How to Build a Garden Wall
Unfortunately, there are no hard and fast instructions applicable to all types of walls. Much depends on whether your wall is to be free standing or retaining, the type ofon which the wall is built, the height and length of the wall, and the materials which compose it. Lastly, you should have a clear idea of what your wall is meant to do. If it is privacy you are after, there is no point in having a wall less than 1.5 m (5’) high, or the neighbours will still have perfect views into your garden. Although retaining walls (ie, walls that are built into the soil as part of formalized level changes) can look nice when quite small, say 30 cm (1’) upwards, dwarf free-standing walls serve very little purpose, either from the point of view of screening or , and they are still expensive and time consuming to build.
Free-standing walls should normally not be less than 75 cm (2’6”) high. The taller the wall, the more protection and privacy, but on the other hand, the more expense. It is very unlikely that you will need a wall 1.8 m (6’) or more high; walls of this height should not be attempted without professional advice.
The foundation depth varies from about 30-90 cm (1-3’) or more, according to the soil type and size of wall. Some soils, such as clay, present problems and require deep foundations. This is because the clay tends to swell in wet winters, and shrink or crack in dry summers, causing the foundations to shift and crack. Sandy soils tend to be less problematical, and the foundations can be relatively shallow.
Basically, foundations must be built on firm ground, and deep enough to escape damage from ground frost. If you are building a wall on disturbed soil, the foundations have to be deeper. If, while you are digging the foundation trench, you come across an area of old rubble or, dig it out until firm soil is reached and then bring it back to level with well compacted subsoil or foundation material. No matter how deep or shallow the foundation, never attempt to build it on topsoil, as this contains humus and other decomposing material and is bound to cause trouble; inert subsoil is a much safer foundation.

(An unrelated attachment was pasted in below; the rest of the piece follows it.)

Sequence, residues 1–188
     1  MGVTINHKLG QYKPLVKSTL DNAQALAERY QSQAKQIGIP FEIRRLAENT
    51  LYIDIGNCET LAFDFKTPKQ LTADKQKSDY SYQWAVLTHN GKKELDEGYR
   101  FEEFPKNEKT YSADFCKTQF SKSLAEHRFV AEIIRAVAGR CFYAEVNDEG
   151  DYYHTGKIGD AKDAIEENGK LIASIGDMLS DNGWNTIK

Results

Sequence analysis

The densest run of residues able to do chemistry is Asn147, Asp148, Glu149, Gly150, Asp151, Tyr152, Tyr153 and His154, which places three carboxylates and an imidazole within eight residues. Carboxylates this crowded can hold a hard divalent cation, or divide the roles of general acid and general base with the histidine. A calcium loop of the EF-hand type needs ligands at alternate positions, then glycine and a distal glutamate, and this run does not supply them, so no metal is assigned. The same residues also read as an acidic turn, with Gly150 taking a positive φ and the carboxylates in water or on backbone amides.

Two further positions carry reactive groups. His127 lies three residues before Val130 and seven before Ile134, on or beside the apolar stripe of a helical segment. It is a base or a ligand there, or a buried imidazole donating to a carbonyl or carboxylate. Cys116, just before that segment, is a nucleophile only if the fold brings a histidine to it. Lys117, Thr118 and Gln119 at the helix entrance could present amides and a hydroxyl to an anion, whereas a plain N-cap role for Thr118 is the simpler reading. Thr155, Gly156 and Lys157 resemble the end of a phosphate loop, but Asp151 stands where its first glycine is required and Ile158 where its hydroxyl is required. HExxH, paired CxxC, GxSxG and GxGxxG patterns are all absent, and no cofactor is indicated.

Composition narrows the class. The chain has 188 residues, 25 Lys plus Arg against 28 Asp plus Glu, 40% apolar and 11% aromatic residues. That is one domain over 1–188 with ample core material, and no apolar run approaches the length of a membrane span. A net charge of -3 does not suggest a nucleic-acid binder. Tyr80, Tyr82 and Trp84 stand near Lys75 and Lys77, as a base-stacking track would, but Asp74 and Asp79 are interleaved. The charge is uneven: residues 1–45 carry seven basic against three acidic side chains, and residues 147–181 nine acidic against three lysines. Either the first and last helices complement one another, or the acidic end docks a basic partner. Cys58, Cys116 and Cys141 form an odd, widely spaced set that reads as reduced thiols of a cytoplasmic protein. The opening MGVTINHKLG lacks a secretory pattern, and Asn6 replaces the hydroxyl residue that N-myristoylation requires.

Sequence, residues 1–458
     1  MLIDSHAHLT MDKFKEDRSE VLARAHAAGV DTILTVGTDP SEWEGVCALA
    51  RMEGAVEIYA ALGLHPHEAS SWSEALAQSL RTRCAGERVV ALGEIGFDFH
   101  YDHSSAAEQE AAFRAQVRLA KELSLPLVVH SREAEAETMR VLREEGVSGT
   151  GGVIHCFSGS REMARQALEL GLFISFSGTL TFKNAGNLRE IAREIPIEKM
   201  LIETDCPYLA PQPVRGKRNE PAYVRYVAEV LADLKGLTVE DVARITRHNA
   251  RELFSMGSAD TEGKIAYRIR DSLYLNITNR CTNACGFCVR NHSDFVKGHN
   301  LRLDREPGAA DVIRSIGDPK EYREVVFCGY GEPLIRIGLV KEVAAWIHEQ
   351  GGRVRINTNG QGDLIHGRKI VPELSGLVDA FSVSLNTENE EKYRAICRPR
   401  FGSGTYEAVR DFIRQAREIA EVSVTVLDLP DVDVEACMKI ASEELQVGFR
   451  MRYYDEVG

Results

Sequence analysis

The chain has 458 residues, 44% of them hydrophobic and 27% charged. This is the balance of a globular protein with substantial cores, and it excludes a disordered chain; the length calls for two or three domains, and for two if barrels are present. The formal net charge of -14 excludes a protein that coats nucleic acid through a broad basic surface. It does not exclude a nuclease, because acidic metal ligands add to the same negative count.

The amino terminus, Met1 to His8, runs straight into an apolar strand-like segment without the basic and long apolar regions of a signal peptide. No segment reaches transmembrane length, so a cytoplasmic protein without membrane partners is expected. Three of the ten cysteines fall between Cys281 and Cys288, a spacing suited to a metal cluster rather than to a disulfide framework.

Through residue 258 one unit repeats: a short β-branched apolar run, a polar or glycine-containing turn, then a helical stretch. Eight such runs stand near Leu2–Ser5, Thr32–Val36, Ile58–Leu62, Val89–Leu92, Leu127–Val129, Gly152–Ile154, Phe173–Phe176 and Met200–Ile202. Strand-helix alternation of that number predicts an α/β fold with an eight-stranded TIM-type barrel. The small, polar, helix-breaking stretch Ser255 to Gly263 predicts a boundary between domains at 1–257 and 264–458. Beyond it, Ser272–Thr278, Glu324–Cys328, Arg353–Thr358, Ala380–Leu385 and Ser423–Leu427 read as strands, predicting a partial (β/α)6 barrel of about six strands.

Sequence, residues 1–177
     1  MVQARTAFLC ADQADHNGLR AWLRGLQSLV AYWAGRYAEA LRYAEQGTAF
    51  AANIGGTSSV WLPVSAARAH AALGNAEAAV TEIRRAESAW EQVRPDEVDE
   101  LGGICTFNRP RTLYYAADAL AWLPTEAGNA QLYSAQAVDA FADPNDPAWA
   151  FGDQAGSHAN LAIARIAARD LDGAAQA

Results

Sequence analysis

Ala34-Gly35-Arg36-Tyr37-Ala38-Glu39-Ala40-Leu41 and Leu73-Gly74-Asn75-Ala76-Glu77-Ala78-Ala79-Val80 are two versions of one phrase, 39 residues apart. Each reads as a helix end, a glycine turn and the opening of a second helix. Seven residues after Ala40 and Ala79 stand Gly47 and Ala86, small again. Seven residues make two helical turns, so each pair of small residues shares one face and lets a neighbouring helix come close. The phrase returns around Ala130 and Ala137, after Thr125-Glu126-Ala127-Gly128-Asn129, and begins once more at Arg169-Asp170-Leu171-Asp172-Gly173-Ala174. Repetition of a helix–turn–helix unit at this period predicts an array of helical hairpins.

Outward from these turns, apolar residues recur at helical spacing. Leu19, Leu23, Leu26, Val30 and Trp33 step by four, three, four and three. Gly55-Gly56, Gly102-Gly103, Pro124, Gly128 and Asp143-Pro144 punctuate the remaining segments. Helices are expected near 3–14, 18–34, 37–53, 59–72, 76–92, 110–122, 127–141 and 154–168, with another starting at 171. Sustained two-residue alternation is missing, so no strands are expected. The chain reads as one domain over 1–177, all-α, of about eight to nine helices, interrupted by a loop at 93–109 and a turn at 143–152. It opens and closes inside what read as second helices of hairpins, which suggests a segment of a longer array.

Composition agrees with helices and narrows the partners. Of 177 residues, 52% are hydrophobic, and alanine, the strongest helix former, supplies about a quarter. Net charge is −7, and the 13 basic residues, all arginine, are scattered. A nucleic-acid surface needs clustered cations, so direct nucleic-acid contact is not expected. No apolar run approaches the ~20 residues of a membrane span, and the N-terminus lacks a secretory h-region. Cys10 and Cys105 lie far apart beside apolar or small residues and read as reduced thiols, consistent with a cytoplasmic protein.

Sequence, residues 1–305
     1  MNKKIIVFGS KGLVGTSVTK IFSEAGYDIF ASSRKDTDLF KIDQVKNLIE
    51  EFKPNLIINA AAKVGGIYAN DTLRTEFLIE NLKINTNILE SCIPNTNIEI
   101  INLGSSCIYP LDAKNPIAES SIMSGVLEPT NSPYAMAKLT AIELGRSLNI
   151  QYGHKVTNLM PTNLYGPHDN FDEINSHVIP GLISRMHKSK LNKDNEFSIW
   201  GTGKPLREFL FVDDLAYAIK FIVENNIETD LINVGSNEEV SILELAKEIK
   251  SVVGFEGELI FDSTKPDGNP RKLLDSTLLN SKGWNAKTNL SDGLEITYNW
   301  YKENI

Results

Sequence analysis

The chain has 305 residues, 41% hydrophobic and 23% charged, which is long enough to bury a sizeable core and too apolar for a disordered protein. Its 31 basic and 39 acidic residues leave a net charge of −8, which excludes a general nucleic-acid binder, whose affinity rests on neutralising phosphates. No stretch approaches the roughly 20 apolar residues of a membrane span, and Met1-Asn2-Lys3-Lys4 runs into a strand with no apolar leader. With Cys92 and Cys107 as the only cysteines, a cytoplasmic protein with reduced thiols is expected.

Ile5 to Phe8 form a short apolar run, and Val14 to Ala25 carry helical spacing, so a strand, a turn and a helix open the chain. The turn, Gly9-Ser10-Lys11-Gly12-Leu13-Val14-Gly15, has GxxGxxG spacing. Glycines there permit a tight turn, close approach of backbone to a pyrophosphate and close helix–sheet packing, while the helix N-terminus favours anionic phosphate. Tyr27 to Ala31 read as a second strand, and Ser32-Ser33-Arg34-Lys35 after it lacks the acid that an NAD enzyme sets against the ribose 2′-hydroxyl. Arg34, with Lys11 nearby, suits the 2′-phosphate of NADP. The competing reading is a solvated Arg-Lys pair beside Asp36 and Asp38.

Brick and stone are the most common materials used for free-standing walls; although initially expensive, a well built wall will last almost indefinitely. Try to use local material, as this will be less expensive and also in keeping with the character of the area. If you are inexperienced, it is much easier to build a successful brick wall than a stone one, as the art of laying good stone walls requires much skill and experience.
Free-standing walls are best built 22 cm (9”) thick, 11 cm (4-1/2”) walls are sometimes built, but unless skilfully designed, they can be structurally weak and visually unappealing. If the wall is longer than 1.8 m (6’) piers should be built in at regular intervals for additional support. These piers, which are pillars of solid masonry built into the wall, are also necessary where the wall ends, say, where the gate occurs. Walls are usually finished with coping, such as slate, stone, special dense coping bricks, or pre-cast concrete units. Besides being attractive, they protect the top of the wall from rain. Make sure you select a frost-proof brick for outdoor wall building, as some bricks are too soft to be exposed to weather, and will crack if frosted.
It is important not to use cement mortar (mortar composed of a straight mix of sand and cement). The most common mistake of the do-it-yourself builder is to use a mortar which is stronger than the walling material. The wall is then too rigid to settle easily, but will instead develop large, ugly cracks. Pre-mixed mortar can be bought from ironmongers or building suppliers. If you mix mortar yourself, a good general mix is one part cement to one part sand to six parts lime (1:1:6).
Unless you are experienced at wall building, it is a good idea to consult your local building inspector prior to beginning construction; his advice may save you unnecessary time and expense, and ensure that the wall you build will be a sound one.